Wild ginger is a fuzzy little beauty, but you'll have to get on your hands and knees to see it.
When a flower is at ground level it only makes sense that it's inviting ground dwelling insects to either pollinate or disperse its seeds. That's the case with Wild Ginger, it's pollinated by flies and beetles and the seeds are attractive to ants.

Seed dispersal by ants is called Myrmecochory. This beneficial partnership between ants and plants is amazing: The ant gets a lipid (fat) rich meal from the elaiosome covered seeds and the plants benefit from the ant dispersing the seed far from the parent plant (thereby eliminating competition). Scientists also think that ants have a role in protecting seeds from seed predators when they carry the seeds away and by increasing germination rates when they eliminate the elaiosome surrounding the seed.

Nature never ceases to amaze me.

I love knowing that ants have moved wild ginger uphill in my garden. I sure didn't recall planting it there! This gives me an even better appreciation of ants, their midens (trash depositories) and their place in nature! I must thank them for planting it near the Christmas fern and wild Phlox!

Oh, in case you wondered, the leaves and rhizomes of Wild Ginger do give off a pleasant gingery fragrance when broken, but, this is not why I grow it. Not only is it lovely to look at, it's not palatable to deer and it's an important food source for the larva of the Pipevine Swallowtail Butterfly. The caterpillar eats the leaves and thereby ingests aristolochic acid which makes it poisonous to birds.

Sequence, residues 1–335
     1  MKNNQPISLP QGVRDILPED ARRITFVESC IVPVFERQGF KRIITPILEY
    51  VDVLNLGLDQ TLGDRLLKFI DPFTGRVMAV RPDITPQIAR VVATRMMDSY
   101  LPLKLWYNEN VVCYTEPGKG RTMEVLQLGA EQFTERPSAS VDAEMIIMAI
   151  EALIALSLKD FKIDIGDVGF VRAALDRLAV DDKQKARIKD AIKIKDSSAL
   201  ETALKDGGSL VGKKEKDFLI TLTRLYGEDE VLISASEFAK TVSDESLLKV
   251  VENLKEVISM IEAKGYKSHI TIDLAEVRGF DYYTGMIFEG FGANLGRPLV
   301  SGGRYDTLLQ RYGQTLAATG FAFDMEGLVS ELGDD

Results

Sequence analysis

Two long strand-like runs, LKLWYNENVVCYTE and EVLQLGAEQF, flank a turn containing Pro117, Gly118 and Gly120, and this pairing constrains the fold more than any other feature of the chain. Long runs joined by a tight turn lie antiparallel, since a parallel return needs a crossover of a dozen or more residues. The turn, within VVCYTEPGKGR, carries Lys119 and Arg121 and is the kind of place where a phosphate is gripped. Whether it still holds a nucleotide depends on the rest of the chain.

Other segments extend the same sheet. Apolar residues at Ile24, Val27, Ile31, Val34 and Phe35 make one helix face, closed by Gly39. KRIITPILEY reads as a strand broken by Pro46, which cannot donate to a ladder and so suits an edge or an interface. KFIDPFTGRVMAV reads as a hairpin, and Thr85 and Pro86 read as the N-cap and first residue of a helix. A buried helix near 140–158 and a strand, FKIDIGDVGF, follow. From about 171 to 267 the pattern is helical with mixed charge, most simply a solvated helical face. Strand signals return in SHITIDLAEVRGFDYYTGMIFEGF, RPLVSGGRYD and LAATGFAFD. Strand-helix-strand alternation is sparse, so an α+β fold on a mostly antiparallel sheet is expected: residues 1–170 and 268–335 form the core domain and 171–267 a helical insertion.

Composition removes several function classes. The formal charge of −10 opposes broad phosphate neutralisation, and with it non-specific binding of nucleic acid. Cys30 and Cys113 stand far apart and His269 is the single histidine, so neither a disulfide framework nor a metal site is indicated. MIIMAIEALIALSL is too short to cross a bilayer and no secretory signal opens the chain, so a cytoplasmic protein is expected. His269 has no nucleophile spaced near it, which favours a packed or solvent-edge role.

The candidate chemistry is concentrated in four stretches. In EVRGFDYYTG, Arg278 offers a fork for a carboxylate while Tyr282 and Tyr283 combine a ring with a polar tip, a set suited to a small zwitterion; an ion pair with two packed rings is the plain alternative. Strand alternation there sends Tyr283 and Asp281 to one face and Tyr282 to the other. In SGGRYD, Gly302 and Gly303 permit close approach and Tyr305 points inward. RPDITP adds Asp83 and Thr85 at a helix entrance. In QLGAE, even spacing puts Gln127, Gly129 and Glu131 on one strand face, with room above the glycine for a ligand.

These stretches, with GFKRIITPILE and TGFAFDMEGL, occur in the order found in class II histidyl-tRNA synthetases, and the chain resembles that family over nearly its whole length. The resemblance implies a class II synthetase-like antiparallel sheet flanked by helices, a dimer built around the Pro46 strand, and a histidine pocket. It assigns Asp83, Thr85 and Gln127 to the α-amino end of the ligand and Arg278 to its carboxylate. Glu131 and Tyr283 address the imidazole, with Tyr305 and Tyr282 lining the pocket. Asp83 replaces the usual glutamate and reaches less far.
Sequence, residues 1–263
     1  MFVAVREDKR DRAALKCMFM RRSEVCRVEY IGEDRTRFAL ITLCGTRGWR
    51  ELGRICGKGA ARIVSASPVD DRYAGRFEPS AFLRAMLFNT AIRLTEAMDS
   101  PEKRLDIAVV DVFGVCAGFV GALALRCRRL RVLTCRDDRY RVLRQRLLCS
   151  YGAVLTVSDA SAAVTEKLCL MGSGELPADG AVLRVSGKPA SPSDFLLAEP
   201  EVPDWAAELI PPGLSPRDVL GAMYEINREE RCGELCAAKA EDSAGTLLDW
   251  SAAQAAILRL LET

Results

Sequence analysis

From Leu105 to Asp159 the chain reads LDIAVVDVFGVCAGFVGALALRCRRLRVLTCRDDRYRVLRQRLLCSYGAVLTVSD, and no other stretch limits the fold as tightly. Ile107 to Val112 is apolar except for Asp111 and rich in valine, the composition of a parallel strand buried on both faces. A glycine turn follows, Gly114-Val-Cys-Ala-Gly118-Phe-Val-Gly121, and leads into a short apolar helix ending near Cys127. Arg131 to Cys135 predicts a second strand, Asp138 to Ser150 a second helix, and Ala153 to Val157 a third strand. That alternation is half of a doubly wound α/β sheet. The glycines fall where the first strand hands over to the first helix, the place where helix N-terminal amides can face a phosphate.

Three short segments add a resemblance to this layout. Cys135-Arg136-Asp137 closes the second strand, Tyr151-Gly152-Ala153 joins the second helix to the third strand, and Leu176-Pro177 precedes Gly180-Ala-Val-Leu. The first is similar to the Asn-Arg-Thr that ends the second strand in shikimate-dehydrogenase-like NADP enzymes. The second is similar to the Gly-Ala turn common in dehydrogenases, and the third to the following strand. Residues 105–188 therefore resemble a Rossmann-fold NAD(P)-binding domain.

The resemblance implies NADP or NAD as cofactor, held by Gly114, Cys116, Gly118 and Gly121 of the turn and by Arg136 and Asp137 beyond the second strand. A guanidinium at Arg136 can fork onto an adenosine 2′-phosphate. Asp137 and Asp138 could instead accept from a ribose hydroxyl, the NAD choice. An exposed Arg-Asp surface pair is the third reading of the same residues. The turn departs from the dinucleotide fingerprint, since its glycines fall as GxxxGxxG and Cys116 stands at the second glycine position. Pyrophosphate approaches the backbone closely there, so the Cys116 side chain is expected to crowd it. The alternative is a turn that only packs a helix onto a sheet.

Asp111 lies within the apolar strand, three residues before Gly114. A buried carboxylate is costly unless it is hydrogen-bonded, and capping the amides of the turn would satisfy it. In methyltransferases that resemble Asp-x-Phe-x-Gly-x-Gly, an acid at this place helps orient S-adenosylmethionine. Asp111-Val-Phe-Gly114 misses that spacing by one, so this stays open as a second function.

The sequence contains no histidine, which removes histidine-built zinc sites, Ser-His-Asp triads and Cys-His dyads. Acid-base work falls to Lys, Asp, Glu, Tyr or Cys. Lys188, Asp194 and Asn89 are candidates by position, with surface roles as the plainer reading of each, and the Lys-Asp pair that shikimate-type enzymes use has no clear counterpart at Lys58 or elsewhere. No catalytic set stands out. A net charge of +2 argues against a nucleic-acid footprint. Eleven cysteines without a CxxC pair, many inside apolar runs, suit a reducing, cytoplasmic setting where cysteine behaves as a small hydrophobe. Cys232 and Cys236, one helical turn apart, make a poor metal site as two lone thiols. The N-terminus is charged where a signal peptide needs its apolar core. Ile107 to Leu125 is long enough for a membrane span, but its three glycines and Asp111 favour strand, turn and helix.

Pipevine Swallowtail on Ruellia strepens


The particulars

Asarum canadense
Common Name: Wild Ginger
Family: Aristolochiaceae
Type: Herbaceous perennial
Family: Aristolochiaceae
Native Range: Eastern N. America - Manitoba to New Brunswick, south to N. Carolina and west to Kansas
Zone: 4 to 6
Size: Height: 0.50 to 1.00 feet and Spread: 1.00 to 1.50 feet
Bloom Time: Late March/April to May
Bloom Description: Maroon/brown
Water Use: Medium
Light Requirement: Part Shade , Shade
Soil Moisture: Moist (can take some dryness, but, it will fade fast in a drought)
Soil pH: Acidic (pH<6.8) , Circumneutral (pH 6.8-7.2)
Sun: Part shade to full shade
Maintenance: Low
Suggested Use: Ground Cover, Naturalize, Rain Garden
Tolerate: Deer, Heavy Shade
Faunal Associations: The reddish brown flowers  attract flies and beetles. The seeds attract ants because of their fleshy appendages; these insects help to disperse the seeds.
***an important food source for the Pipevine swallowtail Butterfly.
Comments: Doesn't grow in the high summer heat of Zone 8.
Companion planting: This plant is a wonderful companion for most wildflowers that like moist soil Consider using them with Wild columbine/Aquilegia canadensis, Celandine poppy/Stylophorum diphyllum, Christmas Fern/Polystichum acrostichoides, Lady Fern/Athyrium filix-femina,
Woodland Phlox (Phlox divaricata, Indian pink/Spigelia marilandica, Carex species, Fothergilla gardenii, Uvularia sessilifolia, Jeffersonia diphylla, Maianthemum stellatum, Polystichum acrostichoides, Pachysandra procumbens and other woodland wildflowers.

xoxogail